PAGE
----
Library board president asks for city referendum on fundingLibrary Board President Barbara Peterson on Monday night asked the City Council to consider holding a referendum on increasing tax support for the library. Peterson laid out a scenario in which the joint library would revert to a municipal library at the start of 2014.
By: Randy Hanson, Hudson Star-Observer
The president of the Hudson Area Joint Library Board on Monday night asked the City Council to consider holding a referendum on increasing tax support for the library.
Barbara Peterson laid out a scenario in which the joint library would revert to a municipal library at the start of 2014.
She said that allowing the library to be funded to the level of the county library levy would free residents from the current situation of being taxed doubly for library service, but having only half of the money come to the Hudson library.
This year, $280,968 in city taxes will be appropriated to the library, while city residents will pay a county library levy of $277,173.
The $277,173 won’t increase funding for any library in the county, Peterson said, but will be used to lower the library tax rate for residents of other municipalities subject to the county library tax.
“That doesn’t need to be the case next year,” Peterson said.
She noted that the three other municipal partners in the joint library --the towns of Hudson and St. Joseph, and the village of North Hudson --- have filed notice that they intend to leave the library at the end of 2013.
They could choose to stay in the joint library, however, if the county agrees to lower its library levy to 70 percent of the cost of providing service to residents of municipalities that don’t have a library.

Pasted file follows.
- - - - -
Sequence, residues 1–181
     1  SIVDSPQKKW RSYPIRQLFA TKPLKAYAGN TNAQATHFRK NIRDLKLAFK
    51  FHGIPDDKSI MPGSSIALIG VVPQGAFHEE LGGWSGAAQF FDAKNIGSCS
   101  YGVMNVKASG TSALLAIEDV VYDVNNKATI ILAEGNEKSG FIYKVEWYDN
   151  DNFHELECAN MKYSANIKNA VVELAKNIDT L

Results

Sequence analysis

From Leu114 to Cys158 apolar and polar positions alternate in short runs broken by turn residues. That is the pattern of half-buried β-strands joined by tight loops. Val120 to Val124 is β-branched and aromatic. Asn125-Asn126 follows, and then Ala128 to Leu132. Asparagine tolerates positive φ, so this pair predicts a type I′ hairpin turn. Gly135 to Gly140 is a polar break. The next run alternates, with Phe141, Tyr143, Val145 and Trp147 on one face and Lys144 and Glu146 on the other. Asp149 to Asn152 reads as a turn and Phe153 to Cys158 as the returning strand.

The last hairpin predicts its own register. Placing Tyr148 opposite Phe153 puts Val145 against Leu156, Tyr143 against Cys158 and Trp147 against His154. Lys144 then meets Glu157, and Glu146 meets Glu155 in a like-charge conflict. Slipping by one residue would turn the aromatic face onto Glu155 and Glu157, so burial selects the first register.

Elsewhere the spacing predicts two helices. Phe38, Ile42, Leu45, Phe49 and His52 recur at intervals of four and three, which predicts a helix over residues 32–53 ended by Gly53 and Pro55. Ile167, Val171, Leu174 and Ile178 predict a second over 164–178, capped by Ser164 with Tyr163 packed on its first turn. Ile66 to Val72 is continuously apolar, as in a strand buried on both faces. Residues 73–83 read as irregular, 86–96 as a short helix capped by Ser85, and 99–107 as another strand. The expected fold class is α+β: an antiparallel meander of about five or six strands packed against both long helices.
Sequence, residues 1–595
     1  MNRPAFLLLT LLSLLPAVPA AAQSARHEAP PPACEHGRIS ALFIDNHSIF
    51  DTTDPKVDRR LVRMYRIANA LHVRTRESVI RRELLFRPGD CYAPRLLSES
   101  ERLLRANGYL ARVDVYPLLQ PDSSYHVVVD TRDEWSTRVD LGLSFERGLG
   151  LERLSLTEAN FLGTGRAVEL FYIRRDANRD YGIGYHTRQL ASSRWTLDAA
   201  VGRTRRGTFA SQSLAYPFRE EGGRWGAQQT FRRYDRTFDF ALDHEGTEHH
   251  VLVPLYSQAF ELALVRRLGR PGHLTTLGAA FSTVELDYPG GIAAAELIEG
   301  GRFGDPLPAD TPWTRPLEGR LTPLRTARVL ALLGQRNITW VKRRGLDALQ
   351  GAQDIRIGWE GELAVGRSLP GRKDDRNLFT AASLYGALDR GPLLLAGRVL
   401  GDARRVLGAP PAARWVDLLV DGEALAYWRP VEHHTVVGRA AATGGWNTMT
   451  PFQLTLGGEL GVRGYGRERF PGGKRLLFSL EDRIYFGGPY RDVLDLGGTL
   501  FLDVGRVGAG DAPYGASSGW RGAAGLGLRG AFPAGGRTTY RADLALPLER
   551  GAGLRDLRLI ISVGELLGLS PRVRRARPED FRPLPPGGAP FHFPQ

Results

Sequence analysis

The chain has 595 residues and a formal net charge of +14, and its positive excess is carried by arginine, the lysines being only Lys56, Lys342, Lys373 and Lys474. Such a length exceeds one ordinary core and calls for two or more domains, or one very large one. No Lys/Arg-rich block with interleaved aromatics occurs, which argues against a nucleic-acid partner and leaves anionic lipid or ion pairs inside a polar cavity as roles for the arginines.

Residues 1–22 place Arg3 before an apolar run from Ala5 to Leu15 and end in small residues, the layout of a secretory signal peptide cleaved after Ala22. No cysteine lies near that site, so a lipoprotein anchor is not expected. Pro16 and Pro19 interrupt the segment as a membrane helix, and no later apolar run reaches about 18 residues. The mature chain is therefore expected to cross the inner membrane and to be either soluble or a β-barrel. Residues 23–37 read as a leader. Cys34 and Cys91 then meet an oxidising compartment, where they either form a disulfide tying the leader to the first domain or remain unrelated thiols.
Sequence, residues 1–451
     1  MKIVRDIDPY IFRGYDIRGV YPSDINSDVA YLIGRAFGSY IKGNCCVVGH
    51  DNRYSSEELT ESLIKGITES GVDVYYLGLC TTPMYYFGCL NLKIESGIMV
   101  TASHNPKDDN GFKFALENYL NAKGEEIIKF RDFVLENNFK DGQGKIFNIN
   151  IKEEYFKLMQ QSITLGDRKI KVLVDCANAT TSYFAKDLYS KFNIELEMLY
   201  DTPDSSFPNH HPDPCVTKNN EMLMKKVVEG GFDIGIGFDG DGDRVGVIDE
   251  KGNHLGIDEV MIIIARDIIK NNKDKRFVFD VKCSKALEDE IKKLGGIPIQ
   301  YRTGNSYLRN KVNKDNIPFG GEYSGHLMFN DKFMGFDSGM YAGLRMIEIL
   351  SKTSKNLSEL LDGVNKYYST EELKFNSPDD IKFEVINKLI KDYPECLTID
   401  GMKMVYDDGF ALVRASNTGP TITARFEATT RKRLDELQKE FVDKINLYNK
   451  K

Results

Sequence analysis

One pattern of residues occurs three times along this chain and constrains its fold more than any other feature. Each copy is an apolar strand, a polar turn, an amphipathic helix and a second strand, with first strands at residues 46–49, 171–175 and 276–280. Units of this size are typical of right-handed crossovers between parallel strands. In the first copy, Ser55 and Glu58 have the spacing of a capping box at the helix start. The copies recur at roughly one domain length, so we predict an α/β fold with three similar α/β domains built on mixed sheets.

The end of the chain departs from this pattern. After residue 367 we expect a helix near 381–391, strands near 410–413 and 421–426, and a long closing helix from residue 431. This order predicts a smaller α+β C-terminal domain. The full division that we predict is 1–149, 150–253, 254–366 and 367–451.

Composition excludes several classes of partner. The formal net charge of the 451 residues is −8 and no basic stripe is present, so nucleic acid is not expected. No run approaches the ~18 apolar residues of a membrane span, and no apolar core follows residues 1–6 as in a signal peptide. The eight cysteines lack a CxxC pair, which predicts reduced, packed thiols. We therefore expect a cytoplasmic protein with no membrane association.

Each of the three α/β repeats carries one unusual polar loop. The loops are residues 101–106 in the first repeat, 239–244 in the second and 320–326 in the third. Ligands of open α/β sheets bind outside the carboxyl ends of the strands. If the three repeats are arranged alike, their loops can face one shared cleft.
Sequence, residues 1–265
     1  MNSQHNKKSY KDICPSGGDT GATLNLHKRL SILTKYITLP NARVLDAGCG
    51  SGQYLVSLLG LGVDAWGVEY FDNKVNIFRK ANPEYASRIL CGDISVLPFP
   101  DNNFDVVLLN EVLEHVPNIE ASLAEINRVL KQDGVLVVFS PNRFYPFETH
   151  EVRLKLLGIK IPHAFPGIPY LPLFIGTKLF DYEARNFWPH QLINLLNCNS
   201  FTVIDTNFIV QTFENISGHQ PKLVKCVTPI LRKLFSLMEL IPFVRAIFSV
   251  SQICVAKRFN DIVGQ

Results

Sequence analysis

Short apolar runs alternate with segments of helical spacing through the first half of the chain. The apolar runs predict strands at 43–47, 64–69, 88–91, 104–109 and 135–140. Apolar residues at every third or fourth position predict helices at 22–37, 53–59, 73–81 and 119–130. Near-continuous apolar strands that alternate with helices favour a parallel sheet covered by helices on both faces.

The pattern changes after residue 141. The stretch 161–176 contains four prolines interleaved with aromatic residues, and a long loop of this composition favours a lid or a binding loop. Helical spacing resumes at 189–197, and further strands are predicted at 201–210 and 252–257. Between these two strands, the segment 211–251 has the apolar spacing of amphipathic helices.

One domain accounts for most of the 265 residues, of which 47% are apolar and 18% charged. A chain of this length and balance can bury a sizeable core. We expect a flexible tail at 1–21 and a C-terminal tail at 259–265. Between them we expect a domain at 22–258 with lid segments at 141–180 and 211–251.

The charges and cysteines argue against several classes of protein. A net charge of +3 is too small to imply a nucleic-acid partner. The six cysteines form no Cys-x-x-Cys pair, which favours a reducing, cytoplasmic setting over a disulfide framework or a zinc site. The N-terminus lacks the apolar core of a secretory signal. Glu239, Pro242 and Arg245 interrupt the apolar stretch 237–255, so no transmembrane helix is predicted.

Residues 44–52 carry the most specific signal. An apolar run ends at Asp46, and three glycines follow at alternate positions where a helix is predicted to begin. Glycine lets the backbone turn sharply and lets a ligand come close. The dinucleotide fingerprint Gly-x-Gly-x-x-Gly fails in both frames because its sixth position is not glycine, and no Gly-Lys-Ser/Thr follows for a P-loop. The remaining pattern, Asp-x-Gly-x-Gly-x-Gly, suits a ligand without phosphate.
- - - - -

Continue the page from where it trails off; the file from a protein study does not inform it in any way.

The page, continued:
“The lowest cost is for them to leave. We believe they will do that,” Peterson said of the other municipal partners.
Under Peterson’s scenario, tax funding for the Hudson library that has remained stagnant at about $712,000 (including county funding) for the last five years, would increase to $977,000 in 2014, if the city increased its funding for the library to the county rate.
Meanwhile, the total amount that city property owners are taxed for library services would drop by about $10,000, and all of the money would stay with the city library.
Reverting to a municipal library also would mean that Peterson, a town of St. Joseph resident, would no longer be on the library board.
She said that the additional money could be used to reopen the library on Mondays, restore the budget for book purchases that was cut by $25,000 this year, and eliminate the need to dip into the library’s reserve funds.
The new municipal library board might also consider further expanding hours and opening on Sundays, she said.
Peterson said she wasn’t asking for immediate action. She said she was presenting information for a decision on the library that the council would need to make later.
Alderpersons Mary Yacoub, Lori Bernard and Randy Morrissette II had questions and comments for Peterson.
In response to statements Peterson made about a 2011 survey indicating that two-thirds of residents were willing to pay more in taxes to fund the library, Yacoub wanted to know how many surveys were sent out and how many were returned.
Bernard asked how many of the respondents were city residents.
Library supporter Jeff Zais said city residents returned about 100 of the 200 written surveys that came in.